A three-alarm forest fire burning in the White Mountains for more than a day could grow larger Wednesday, and a witness claims it was started by a meteorite, Woodstock, N.H., fire Chief John MacKay said.
The fire was first reported around 6:15 a.m. Tuesday and has extended over 22 to 25 acres in the area of Kinsman Ridge in Lost River Gorge, MacKay said.
The “fairly good-sized fire” has been hard to contain, he said, as it has spread across “very steep, rocky slopes.”
“It’s not a large fire, but it’s a difficult fire because of the steepness of it, and the elevation,” MacKay said.
As of Wednesday morning, two helicopters and more than 50 people were working to suppress the blaze, which MacKay said could expand throughout the day.
“I expect it to grow, especially with the sun coming up,” he said.
No injuries or structural damages have been caused by the fire, and Lost River Gorge remains open to visitors, but the Fire Department is working to make sure the surrounding area remains safe while containment continues.
“Just in case, we are doing some structural protection,” MacKay said.
The cause of the fire was “undetermined” as of Wednesday morning, but MacKay said a passerby told firefighters Tuesday night that a meteorite might have sparked the blaze.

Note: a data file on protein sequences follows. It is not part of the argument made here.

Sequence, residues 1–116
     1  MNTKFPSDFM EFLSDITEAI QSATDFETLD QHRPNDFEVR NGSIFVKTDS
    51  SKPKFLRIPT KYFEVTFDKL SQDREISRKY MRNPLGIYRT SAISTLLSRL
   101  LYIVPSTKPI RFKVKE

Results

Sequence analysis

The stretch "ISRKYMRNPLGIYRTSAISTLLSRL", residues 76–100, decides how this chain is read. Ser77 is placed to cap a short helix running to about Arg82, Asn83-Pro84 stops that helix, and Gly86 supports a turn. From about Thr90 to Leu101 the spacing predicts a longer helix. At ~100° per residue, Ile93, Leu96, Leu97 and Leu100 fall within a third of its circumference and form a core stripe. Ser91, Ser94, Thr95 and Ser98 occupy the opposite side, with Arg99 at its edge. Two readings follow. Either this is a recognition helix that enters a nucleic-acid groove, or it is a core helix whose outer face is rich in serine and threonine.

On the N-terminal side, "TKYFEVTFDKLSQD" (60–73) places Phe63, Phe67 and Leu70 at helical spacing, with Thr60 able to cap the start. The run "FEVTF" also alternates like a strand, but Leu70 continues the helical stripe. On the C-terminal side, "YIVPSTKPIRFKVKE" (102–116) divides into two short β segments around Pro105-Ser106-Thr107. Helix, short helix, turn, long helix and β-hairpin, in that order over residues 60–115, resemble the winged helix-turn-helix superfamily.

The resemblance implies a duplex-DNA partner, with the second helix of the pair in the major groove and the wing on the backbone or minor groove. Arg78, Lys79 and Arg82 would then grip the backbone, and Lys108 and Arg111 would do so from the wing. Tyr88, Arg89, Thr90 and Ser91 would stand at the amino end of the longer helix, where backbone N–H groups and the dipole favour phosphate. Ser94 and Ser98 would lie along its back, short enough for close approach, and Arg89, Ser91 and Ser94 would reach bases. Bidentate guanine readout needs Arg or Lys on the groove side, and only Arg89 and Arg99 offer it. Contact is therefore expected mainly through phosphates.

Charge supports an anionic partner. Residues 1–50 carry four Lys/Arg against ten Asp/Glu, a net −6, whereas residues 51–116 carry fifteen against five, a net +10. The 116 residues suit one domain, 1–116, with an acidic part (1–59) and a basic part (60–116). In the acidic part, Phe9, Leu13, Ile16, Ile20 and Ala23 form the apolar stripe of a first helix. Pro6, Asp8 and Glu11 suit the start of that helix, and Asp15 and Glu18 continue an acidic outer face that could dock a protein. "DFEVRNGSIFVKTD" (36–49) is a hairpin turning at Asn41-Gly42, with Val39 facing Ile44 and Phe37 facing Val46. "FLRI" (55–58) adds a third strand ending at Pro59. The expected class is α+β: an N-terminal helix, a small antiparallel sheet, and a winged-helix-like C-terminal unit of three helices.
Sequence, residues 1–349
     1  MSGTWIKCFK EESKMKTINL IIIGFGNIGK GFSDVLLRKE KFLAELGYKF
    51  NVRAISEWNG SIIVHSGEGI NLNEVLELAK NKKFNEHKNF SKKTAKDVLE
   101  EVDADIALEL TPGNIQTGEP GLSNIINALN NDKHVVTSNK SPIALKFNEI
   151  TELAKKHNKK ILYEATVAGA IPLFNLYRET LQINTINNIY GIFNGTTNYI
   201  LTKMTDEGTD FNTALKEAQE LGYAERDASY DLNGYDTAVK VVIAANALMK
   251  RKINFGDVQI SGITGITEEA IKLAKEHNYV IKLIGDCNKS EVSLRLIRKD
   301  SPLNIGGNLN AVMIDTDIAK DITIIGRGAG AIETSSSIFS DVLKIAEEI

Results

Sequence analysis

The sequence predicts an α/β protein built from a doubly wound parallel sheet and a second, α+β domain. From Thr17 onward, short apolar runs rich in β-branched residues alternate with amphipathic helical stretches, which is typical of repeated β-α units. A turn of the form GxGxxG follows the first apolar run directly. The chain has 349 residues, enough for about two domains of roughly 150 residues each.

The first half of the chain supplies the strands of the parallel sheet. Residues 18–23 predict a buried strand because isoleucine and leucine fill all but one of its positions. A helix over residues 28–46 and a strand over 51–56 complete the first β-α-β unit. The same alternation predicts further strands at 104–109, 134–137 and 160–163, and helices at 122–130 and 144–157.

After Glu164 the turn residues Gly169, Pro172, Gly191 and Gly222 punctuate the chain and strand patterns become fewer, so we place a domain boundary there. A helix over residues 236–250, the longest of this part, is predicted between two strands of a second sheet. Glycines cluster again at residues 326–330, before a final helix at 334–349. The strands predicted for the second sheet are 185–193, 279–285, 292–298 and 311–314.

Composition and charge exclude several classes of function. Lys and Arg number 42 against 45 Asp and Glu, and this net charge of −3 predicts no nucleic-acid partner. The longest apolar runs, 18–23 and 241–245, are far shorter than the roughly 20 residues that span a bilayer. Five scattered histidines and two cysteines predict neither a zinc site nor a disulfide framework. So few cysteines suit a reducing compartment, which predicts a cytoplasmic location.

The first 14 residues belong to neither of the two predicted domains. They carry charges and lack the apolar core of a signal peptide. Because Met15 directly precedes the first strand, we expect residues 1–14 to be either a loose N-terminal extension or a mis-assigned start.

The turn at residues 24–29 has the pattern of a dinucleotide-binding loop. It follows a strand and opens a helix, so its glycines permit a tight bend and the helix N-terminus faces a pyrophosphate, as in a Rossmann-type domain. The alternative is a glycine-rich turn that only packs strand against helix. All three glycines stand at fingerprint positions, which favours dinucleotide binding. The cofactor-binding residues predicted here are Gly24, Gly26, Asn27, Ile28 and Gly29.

“Last night as we were getting out of the woods, a passerby stopped and said the night before at 7:35 p.m., he was driving by and saw a meteor streak through the sky and crash,” MacKay said.
A meteor is classified as a meteorite after making contact with Earth. The Fire Department is unsure as to whether the report of the cosmic fire-setting was accurate.
“We can’t say yes or no,” he said.
“There’s hiking trails through this area, so there is the possibility of a cigarette or a campfire,” he said.
MacKay is hopeful the fire will be under control later Wednesday or Thursday but was not sure when it would be fully extinguished.
“We’re hoping for containment today; if not, definitely tomorrow,” MacKay said. “As far as putting it out, it’s going to be more of a ‘Monitor it and hope for rain.’ ”